This is the second of seven parts on gleaming from personal experiences as well as experiences of the 100+ youth who have taken the stage – live and virtual – through Story Crossroads since 2016. We support youth beyond the stage through Youth Teller Reunions as well as Live & Virtual Story Camps.
- Part 1 – Choosing the “Right” Words – REVEALED
- Part 2 – Friend/Listener/Mentor – TODAY
- Part 3 – The Storytelling Birthday
- Part 4 – Combining Talents
- Part 5 – Ownership of Events & Beyond
- Part 6 – Virtual Options
- Part 7 – Wishlist Stages
Everyone talks about having adult mentors for youth tellers…when that is the wrong beginning.
Youth first need friends in the art, then listeners, and finally mentors.
When I delved into storytelling as a sophomore in high school, I was not drawn into it because of any adults. I had friends who said I was animated and that needed to do something about it. So I looked into the National Forensics League (NFL – yes, a confusing acronym) and discovered “storytelling” as a category.
It was the adult that made me nervous.
Everyone in the high school knew she was an award-winning coach. How many times had she “scored big” with the team she took to tournaments? Tons! That actually made it more terrified to test out my first story with her. After I stumbled and did almost everything wrong, all the coach said was, “Make sure to sign up for more practices.” This worried me.
“What?!? Was I meant to even take this storytelling path?”
Now think of how some youth could feel with these award-winning and highly-skilled professional storytellers.
The big reason most youth participate in storytelling is somehow linked to friends or the potential to gain friends.
My storytelling team-mates and I had some crazy times. We hung out and laughed as we awaited the results. Ah, my hands are still sore from our Egyptian Rat card games. I cheered on competitors (okay, so my team-mates were also my competition but still benefited our team as a whole). There was one girl known as “The Queen of Storytelling” because any time she competed, she ALWAYS went to trophy round…and probably 1st or 2nd place. So many other youth were inspiring and a hoot.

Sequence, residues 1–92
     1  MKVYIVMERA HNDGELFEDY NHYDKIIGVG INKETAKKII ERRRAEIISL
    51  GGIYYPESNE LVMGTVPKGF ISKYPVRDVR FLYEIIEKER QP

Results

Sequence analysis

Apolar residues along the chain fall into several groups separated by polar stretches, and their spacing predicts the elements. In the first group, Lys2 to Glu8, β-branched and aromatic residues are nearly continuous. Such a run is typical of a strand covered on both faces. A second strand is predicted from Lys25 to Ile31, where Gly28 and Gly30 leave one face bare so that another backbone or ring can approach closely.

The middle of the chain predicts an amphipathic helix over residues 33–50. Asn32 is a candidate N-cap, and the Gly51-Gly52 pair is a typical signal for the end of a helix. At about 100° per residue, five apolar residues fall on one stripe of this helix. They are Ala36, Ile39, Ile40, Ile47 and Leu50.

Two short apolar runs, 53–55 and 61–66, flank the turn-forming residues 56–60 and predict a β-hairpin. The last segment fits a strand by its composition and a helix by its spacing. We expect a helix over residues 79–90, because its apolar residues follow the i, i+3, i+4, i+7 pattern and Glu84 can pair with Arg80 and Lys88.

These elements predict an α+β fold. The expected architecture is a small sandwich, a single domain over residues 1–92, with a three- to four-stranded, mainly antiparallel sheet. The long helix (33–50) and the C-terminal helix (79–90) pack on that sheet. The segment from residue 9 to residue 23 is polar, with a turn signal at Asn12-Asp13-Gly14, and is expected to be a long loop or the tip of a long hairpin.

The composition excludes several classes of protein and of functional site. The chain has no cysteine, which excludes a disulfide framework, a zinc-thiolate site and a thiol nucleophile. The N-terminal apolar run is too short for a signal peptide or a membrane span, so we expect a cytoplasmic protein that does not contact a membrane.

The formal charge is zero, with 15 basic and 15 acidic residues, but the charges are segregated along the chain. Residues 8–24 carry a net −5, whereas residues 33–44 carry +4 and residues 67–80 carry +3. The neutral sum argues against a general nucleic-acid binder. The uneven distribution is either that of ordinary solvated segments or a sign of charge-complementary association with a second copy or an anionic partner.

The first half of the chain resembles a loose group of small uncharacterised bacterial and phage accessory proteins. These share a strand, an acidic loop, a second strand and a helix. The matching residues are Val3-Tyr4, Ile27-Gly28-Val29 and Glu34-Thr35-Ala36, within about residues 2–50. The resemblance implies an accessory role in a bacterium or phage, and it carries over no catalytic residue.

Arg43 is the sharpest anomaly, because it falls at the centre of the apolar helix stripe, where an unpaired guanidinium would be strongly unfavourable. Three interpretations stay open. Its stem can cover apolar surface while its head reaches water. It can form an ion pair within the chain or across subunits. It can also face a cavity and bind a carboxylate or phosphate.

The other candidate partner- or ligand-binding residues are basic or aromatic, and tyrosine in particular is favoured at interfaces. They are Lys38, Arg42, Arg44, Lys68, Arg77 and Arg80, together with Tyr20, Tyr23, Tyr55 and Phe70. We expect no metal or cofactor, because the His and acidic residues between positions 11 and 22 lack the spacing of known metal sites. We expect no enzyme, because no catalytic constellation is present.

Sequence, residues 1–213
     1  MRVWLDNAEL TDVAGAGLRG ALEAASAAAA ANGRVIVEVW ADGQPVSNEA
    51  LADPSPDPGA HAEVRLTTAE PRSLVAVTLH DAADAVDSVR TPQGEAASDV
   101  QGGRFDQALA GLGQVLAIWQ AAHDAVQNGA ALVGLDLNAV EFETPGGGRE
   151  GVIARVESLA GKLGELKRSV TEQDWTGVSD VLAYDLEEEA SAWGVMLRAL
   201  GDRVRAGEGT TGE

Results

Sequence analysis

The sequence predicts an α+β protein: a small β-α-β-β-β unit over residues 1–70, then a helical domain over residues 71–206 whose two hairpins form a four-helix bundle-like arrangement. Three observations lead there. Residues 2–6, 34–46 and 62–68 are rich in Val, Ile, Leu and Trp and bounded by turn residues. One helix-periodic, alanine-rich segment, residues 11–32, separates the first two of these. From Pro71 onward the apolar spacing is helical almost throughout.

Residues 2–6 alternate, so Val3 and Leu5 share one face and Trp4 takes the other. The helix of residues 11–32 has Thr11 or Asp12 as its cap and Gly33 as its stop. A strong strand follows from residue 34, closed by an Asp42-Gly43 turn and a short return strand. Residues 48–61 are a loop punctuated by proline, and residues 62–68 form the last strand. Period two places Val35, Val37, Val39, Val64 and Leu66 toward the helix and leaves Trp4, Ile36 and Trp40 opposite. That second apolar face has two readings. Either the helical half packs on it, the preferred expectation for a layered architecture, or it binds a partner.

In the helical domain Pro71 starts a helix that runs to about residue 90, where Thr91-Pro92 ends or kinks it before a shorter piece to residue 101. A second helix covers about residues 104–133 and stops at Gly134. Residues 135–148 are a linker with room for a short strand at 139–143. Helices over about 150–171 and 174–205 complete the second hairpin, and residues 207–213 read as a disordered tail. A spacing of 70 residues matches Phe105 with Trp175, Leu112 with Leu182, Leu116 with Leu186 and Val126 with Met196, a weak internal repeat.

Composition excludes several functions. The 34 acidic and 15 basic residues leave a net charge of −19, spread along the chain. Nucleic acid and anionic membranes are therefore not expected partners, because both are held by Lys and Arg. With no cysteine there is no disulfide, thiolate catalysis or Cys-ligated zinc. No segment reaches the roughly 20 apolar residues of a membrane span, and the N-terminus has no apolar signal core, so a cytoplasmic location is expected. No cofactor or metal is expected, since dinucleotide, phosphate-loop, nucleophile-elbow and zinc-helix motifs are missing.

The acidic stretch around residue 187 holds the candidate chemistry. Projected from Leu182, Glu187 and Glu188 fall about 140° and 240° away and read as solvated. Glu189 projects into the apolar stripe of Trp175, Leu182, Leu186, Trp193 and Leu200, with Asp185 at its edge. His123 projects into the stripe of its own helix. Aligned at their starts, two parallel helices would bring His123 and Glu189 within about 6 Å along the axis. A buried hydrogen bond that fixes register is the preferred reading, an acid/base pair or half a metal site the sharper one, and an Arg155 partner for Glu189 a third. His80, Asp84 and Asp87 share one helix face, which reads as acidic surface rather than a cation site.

The only adult I remember in the whole Forensics experience was my coach.
Having Story Camps and residencies gives chances for youth to gather and gain those close-to-their-age friends.
That is not enough.
What happens after? Is there ANY kind of reunion or potential hanging out later?
If you said, “None,” then you are not alone. Even long-standing storytelling festivals with participating youth often do not have Youth Teller Reunions. I have brought up a few times with the Timpanogos Storytelling Festival that–as they usually have 25+ youth each year–it would make sense to have some kind of reunion. I know people with Timpanogos, but that is not my organization so I can only do so much.
At least where I have been connected…that is where I can make changes. The Weber State University Storytelling Festival has reunions at the Dinosaur Park in Ogden, UT. Story Crossroads usually has them at Boondocks – fun and arcades – in Draper, UT.